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Missouri Police Raid Hospital Room of Stage 4 Cancer Patient Using Cannabis

Missouri voters approved medical marijuana in November. Unfortunately, nothing has been implemented yet.

Missouri Police Raid Hospital Room of Stage 4 Cancer Patient Using Cannabis
Nolan Sousley/ Facebook

Police in Missouri searched the hospital room of a cancer patient Thursday night, looking for the medicinal cannabis being used by the terminally ill man. The search of the hospital room by Bolivar, Missouri police officers was captured on video by the patient, Nolan Sousley, who has stage 4 pancreatic cancer. Sousley later posted the video to YouTube and shared it with a group of supporters on his Nolan’s Tribe of Warriors Against Cancer page on Facebook.

In the video, a police officer can be seen searching through bags in the room at Citizens Memorial Hospital while other officers and a hospital security guard watch. As Sousley narrates the video in real time, he mentions that the police had said he was going to be arrested.

“If we find marijuana we will give you a citation. We’re not taking you down to the county jail,” one of the officers says. “But we haven’t found marijuana so we’re not citing.”

Doctor Stands Up for Patient

At one point, Sousley’s physician comes into the room and challenges the actions of the law enforcement officers, asking them if they have probable cause for a search.

“Do you have the right to search his stuff? Or do you need a warrant for that?” she asks.

The police reply that they have been called to the hospital because someone had reported smelling marijuana in the room and a warrant is not necessary because they are on private property. Sousley replies that he doesn’t smoke marijuana, but admits that he had gone down to the parking lot of the hospital to take cannabis oil capsules. He also maintains that his doctor is aware of his cannabis use.

Sousley and his partner, Amber Kidwell, say that Kidwell gave police permission to search her bags. But Sousley did not let officers to search one of his, saying that it was his  “bag of medication, and I’m not letting them look through it.”

“It has my final day things in there and nobody’s going to dig in it,” he adds. “It’s my stuff. It’s my final hour stuff.”

Sousley’s doctor then asks him to turn off the camera so they can talk and the video ends shortly thereafter.

Cancer Patient ‘Highly Medicated’ During Police Raid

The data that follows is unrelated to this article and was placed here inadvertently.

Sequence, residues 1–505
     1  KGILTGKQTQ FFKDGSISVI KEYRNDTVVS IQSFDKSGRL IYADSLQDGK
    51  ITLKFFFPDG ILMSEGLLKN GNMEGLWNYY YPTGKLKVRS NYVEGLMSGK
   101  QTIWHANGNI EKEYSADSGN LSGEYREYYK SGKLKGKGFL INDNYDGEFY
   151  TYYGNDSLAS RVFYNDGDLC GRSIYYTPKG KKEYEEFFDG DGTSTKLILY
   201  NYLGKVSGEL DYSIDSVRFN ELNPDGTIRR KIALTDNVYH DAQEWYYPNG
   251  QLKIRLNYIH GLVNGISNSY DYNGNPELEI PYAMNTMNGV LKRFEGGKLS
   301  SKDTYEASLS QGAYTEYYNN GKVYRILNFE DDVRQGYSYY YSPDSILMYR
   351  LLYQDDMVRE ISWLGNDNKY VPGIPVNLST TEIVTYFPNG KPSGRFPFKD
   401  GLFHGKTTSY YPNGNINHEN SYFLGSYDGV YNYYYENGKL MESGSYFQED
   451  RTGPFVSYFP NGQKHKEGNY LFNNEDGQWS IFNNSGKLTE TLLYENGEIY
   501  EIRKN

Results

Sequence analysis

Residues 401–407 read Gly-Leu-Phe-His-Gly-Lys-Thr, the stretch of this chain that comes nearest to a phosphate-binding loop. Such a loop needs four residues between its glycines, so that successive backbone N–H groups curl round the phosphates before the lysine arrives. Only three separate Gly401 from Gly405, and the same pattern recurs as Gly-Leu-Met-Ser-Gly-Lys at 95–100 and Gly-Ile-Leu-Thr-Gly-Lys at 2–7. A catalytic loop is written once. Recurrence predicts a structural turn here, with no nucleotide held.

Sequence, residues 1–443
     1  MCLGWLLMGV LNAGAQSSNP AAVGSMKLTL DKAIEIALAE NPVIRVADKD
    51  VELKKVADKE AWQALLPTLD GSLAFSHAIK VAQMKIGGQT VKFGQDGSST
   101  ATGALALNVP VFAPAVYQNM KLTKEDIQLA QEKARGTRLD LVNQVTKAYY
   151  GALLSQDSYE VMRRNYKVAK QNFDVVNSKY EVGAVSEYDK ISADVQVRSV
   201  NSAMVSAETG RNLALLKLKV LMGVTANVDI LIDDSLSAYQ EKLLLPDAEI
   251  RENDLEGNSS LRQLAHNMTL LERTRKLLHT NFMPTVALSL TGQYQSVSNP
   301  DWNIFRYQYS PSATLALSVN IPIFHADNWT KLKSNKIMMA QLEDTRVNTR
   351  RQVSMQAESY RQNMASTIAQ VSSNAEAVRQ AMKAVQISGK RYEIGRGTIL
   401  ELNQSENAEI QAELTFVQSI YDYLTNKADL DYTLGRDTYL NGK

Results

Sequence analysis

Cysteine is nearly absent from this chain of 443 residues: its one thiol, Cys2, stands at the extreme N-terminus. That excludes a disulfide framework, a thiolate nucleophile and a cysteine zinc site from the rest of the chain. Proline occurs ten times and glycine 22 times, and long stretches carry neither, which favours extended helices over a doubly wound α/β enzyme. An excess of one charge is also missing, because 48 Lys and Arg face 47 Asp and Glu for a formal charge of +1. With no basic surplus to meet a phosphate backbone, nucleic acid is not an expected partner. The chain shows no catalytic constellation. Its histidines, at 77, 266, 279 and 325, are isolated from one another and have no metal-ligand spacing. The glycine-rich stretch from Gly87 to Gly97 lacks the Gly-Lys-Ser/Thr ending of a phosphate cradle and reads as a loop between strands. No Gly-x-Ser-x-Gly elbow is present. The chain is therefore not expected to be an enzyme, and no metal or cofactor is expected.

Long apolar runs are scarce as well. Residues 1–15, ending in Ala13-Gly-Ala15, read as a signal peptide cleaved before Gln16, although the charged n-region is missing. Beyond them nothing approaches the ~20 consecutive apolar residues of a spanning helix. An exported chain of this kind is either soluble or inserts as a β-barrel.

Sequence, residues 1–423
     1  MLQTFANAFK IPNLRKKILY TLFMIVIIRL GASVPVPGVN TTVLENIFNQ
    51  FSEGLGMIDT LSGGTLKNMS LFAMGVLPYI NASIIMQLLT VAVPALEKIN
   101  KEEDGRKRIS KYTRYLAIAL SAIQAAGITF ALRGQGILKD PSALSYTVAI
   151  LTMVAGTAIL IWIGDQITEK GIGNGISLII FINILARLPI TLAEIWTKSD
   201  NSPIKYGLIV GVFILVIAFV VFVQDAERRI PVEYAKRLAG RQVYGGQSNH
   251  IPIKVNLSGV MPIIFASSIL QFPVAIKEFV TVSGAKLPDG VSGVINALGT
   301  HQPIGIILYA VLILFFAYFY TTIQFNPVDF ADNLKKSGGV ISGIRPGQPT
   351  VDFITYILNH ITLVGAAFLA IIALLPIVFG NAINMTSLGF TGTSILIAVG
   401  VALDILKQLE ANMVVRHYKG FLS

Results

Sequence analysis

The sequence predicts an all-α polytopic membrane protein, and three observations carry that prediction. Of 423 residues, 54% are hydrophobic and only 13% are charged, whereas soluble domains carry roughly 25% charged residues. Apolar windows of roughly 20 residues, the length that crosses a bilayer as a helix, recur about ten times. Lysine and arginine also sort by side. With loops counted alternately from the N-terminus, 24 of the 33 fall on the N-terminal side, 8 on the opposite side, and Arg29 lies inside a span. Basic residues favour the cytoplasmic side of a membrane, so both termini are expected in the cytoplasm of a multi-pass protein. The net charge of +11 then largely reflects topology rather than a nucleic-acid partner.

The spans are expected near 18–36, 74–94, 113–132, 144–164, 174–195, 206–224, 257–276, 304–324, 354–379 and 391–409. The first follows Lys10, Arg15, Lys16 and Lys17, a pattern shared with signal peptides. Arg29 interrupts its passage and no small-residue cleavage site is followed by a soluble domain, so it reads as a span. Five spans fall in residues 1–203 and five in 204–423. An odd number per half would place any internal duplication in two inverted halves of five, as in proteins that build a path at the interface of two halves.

Reached by local media on Friday, Sousley said that he was “highly medicated at the time it all happened.”

“I hadn’t slept for days,” he said. “As a terminal patient, you always ask, ‘Is this the time I’ll fall asleep and not wake up?’ It makes it hard to sleep.”

Sousley said that after the camera was shut off, he eventually gave police permission to search his bag.

“I let him look in my bag,” Sousley said. “I did not have marijuana in my pack.”

Bolivar Police Department Chief Mark Webb confirmed that officers had searched the hospital room.

“Officers received consent for a search of the room, and nothing was found,” Webb said.

The chief said that while voters in Missouri voted to legalize medical marijuana in last November’s election, the state’s program has not yet been implemented and cannabis is still illegal.

“It’s still a controlled substance in Missouri,” he said. “It’s not legal yet.”

He added that supervisors would review video from police body cameras of the incident but that “no one’s being fired, and we have no plans to start an internal affairs investigation.”

Citizens Memorial Hospital said in a statement that it was  “unable to comment about any specific patient, their treatment or what was done or not done in any particular situation,” noting that smoking and vaping on hospital grounds was against policy.

“It is also our policy to call appropriate law enforcement any time hospital personnel see or reasonably suspect illegal drug use in patient rooms or otherwise on campus,” the statement said.

Sousley said that he is still upset by the situation.

“I’m sick of our country, the way it is right now,” he said. “I don’t support the rules they have written. I use cannabis to save my life. I have the right to try anything. How can they say I can’t? I have the right to live.”

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